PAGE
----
Cohabiting is an irritating word. It’s right up there with hubby, smooch and panties. I can see your shoulders shuddering too. Notice how all of these words have romantic connotation, yet they totally creep me out. So it may sound surprising that five months ago I moved in with my boyfriend and we are officially cohabiting. It’s such a functional word to describe something that has become so lovingly and hilariously dysfunctional.

Our twenties are associated with great adventure, wild nights out and a troublesome dose of uncertainty, so it’s only natural that the decision to move in with your partner can, to those skeptical on lookers, seem like you are quitting at life; swapping all of the fun for box sets and matching bath robes. Now, I can confess to watching Broadchurch on the reg, but living with a boy is everything but routine. I seem to have developed the schizophrenic urge to swap between versions of myself at rapid pace. One minute I am awkwardly bent over watching an eight-minute abs video (you all know the one)- sweating and straining in all the wrong ways – the next I want to look like a glamorous goddess who can bang all night. This constant role swapping is strenuous and by no means hum drum. Some might say that you should love each other no matter how gross the other looks, but that’s utter bollocks, there’s no harm in trying to impress is there?

Of course, it’s still important to set reasonable boundaries that reflect real life rather than an episode of Desperate Housewives. The occasional fart or burp must be permitted, but getting caught wanking in the toilet and tweezing your in growns should not. You can’t put too much pressure on each other to be in the perfect mood every time you come home from work and sometimes, well, a lot of the time, I find it impossible to stay awake past 10.30pm. Yawn.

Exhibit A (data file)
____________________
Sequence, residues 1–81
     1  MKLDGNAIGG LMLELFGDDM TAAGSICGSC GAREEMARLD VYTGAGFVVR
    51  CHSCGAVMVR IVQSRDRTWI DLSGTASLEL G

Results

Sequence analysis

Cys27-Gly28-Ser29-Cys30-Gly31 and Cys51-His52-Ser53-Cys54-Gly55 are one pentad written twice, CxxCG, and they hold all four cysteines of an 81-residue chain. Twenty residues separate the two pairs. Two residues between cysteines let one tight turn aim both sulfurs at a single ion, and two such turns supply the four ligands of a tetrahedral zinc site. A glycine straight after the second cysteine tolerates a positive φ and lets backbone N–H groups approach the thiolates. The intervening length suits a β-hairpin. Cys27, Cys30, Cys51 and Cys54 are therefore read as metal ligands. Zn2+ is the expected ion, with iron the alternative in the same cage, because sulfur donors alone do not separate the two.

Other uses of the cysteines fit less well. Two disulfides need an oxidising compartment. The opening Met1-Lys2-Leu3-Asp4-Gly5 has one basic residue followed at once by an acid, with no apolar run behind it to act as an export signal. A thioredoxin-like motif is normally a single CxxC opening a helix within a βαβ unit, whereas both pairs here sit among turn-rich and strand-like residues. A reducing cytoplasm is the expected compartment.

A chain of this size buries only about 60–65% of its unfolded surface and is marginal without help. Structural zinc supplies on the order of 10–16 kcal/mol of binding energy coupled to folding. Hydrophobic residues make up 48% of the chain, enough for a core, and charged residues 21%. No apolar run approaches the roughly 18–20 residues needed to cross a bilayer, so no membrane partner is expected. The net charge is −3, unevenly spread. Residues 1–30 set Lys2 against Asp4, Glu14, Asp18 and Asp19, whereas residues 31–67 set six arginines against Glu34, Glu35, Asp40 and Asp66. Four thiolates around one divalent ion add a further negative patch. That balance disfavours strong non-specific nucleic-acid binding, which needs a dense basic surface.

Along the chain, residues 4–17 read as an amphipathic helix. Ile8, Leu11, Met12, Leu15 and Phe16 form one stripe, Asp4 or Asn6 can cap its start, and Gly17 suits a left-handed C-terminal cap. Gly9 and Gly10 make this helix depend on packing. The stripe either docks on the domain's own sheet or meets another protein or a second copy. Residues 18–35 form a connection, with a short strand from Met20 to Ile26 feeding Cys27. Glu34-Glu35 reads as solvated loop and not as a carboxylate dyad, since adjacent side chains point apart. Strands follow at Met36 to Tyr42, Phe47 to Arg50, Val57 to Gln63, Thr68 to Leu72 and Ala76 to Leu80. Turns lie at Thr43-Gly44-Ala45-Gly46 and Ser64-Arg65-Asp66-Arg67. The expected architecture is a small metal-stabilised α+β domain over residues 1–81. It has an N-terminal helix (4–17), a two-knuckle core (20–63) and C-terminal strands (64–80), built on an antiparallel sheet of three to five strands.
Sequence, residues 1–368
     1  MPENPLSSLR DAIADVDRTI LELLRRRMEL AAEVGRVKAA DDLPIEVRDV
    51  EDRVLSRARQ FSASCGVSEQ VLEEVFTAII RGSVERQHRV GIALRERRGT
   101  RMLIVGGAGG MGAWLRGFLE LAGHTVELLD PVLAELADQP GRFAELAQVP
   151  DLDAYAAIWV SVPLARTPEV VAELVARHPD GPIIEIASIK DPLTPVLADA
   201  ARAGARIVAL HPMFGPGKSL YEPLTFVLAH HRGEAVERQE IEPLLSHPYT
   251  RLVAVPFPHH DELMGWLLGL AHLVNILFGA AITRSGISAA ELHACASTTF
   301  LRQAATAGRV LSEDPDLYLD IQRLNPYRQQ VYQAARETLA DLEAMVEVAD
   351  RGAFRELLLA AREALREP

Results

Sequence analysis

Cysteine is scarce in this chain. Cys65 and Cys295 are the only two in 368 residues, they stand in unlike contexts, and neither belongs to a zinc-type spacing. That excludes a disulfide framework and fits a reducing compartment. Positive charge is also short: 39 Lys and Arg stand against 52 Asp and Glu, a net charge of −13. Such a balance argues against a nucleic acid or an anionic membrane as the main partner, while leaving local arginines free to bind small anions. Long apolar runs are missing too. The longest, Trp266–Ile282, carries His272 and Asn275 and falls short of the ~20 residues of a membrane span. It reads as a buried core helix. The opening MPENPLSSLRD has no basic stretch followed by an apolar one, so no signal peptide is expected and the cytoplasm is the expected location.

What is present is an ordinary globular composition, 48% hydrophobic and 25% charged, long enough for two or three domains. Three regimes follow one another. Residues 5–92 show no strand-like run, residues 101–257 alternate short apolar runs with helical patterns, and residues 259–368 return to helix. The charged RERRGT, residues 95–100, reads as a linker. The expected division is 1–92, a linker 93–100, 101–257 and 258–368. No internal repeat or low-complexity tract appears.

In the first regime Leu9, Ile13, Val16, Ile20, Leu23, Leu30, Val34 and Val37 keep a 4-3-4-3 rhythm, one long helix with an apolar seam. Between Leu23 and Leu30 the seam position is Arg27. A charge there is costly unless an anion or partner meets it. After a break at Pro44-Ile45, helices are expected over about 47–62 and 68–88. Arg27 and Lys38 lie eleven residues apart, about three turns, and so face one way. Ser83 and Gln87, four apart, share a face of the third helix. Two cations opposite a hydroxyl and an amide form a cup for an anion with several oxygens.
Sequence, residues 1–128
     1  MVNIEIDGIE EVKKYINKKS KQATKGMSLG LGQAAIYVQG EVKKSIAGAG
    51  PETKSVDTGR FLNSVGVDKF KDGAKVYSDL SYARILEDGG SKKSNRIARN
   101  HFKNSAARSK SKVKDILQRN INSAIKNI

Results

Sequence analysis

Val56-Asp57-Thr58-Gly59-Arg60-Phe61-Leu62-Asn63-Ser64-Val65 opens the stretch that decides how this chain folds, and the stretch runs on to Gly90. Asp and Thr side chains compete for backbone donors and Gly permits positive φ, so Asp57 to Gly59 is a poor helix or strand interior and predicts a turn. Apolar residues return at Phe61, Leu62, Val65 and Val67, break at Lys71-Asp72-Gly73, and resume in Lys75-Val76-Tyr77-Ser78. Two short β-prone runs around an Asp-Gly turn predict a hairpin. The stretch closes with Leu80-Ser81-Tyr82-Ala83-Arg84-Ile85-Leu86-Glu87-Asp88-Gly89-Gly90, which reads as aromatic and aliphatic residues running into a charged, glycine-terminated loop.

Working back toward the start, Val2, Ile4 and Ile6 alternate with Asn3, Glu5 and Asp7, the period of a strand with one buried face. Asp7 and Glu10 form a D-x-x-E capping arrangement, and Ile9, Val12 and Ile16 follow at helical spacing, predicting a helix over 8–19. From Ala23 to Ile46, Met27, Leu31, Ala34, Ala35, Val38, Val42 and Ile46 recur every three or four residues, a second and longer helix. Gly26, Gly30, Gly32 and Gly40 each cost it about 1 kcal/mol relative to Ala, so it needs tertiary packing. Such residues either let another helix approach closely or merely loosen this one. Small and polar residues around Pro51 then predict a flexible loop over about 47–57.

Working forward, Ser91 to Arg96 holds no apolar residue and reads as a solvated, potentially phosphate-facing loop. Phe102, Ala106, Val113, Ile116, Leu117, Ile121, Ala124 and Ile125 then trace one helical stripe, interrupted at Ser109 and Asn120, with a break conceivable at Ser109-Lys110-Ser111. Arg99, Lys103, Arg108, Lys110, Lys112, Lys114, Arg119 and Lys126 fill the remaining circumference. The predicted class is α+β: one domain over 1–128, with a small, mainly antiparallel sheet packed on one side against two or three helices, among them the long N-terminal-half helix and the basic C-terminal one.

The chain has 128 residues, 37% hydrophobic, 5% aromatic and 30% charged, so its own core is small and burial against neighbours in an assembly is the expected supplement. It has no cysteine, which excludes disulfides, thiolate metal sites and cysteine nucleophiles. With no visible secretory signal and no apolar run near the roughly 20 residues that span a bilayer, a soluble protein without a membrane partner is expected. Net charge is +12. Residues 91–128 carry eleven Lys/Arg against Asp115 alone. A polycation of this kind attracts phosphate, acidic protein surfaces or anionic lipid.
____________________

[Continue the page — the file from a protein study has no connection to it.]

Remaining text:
The question I am often asked by my friends is whether this all feels like a ‘big step’ at the age of 23? Well, yes, to a certain extent, but mostly no. Yes, because there is no going back but it’s easy to forget that the boy in question is unashamedly one of my best friends. I have been lucky enough to live with a lot of best friends throughout university and graduate life, none of which I have kissed good night or had sex with, but the principles are the same. Every interest you share and every interest you don’t (there are just as many of these) rub easily together to make you twice as inspired, knowledgeable and excited about life. Plus, just like the best friends that have gone before, there is always someone there to mess around with and drink wine.

It’s not all plain sailing though. Much to his annoyance, I like to look at our whole living arrangement as a psychological experiment; constantly analysing his behaviour like some giant alien. He is blessed with the power to neatly place his life into five categories: food, shopping (he loves to shop), sex, football and work. Awkward social interactions, late nights in the office and all-consuming life dilemmas don’t even make it to the surface. He is totally unshakeable and for that I am in eternal admiration. While all of this is spinning round my head and I stare deep into his eyes looking for clues of doubt and uncertainty, I can rest assured that all he is daydreaming about is Wayne Rooney sucking on a lollipop.

Living with a man is really that simple.



– she’s mononymous –

(a bit like Plato, or Beyonce)